Journal article Open Access

Fertility Status of Soils Under Silvopastoral System on Two Soil Types in Imo State, Southeastern Nigeria

Onwudike, Stanley; Egbufor, Olivia; Nkwopara, Ugochukwu; Agim. Leonard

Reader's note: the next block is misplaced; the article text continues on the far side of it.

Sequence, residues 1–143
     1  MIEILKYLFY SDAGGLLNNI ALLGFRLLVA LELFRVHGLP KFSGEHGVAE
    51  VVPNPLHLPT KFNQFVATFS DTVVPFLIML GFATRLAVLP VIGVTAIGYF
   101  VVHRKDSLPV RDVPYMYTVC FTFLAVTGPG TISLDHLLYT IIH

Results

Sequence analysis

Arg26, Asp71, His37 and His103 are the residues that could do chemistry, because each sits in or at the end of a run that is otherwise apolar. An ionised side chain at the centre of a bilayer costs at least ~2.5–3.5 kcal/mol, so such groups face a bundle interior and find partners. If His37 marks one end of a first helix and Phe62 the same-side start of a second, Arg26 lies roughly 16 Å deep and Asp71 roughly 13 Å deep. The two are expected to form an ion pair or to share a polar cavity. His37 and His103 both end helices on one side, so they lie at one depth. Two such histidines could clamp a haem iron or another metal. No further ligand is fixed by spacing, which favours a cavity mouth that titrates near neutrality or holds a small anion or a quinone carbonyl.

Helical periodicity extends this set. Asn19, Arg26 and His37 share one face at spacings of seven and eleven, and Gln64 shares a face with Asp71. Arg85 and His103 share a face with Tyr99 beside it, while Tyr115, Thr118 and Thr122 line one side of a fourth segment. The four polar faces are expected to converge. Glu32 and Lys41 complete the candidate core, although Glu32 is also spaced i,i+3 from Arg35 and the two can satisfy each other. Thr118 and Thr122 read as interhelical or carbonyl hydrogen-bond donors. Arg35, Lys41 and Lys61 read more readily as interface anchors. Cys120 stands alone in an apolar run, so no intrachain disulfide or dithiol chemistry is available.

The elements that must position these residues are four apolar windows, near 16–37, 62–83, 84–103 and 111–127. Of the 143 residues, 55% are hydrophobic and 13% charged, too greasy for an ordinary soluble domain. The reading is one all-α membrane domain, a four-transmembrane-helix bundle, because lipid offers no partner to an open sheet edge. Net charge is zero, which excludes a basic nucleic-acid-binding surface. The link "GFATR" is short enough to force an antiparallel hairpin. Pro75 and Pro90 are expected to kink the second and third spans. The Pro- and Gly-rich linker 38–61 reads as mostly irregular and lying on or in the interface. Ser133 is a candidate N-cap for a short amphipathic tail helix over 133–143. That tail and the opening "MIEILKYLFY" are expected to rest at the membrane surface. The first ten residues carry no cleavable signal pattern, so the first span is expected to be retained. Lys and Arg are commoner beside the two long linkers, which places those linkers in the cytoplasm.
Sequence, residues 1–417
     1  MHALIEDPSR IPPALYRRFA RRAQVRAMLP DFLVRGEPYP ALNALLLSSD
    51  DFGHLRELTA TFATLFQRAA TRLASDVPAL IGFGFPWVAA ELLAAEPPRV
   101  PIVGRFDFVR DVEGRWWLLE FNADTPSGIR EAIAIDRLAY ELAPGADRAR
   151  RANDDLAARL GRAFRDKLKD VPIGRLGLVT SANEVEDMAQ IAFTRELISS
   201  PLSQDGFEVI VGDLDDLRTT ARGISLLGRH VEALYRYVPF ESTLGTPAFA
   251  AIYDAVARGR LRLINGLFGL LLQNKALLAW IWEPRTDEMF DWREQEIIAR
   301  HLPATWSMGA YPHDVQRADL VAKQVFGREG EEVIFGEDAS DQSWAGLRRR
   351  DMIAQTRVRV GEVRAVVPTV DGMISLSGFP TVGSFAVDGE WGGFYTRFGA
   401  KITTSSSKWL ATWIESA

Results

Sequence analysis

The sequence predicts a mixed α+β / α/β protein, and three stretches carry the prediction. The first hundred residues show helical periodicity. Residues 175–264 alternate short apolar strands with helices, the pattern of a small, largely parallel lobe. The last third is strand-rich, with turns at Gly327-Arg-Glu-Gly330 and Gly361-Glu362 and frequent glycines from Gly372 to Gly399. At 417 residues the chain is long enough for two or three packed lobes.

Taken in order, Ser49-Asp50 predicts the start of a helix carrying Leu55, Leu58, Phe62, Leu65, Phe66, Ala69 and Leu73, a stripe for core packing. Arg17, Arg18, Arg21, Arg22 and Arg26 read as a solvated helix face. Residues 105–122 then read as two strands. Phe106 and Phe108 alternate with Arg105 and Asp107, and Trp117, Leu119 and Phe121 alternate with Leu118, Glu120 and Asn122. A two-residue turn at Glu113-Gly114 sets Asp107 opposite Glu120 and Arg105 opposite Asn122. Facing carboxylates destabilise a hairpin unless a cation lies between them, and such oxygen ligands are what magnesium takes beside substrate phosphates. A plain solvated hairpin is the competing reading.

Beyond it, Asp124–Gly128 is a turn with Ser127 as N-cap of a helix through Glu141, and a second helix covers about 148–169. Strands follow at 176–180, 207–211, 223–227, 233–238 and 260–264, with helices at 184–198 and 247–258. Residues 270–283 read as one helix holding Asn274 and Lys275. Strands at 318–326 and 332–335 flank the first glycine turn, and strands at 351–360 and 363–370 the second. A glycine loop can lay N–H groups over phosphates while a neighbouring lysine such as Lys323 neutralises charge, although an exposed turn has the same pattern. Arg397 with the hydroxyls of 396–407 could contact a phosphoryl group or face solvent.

Understanding the fertility status of soils under different agricultural systems is imperative for sustainable crop production and ecological sustainability. This study examined the fertility levels of soils under silvopastoral system of two soil types in Southeastern Nigeria. Two towns in two states with two parent materials in the region were covered namely Owerri in Imo State with coastal plain sand and Uturu in Abia State with false bedded sand stone. Surface soil samples collected within 30 cm depth were analyzed using standard methods. Silvopastoral system and parent materials guided the sampling points. Data obtained from analyzed soil samples were statistically analyzed. Significant variations existed in the particle distribution of the soil while highest gravimetric moisture content (249.7 g/kg), total porosity (67.5%) and lowest soil bulk density (0.85 g/cm3 ) were recorded in the silvopastoral lands than in non silvopastoral lands. Silvopastoral lands contained higher soil organic matter (36. 88 g/kg), total nitrogen (1.87 g/kg) and exchangeable bases than non silvopastoral lands. There was higher clay content (274 g/kg) in false bedded sandstone than in coastal plain sand silvopastoral lands. The highest value of soil organic matter (36.88 g/kg) and total nitrogen (8.7 g/kg) were recorded in false bedded sandstone under silvopastoral system. There was significant negative correlation between bulk density and base saturation (r = -0.946) and positive relationship between total exchangeable acidity and soil bulk density (r = 0.865). This work revealed that parent materials under silvopastoral systems differ in soil physical, chemical and plant nutrient concentration. Therefore it is recommended that silvopastoral system should be adopted under coastal plain sand for soil fertility improvement due to its poor soil quality.

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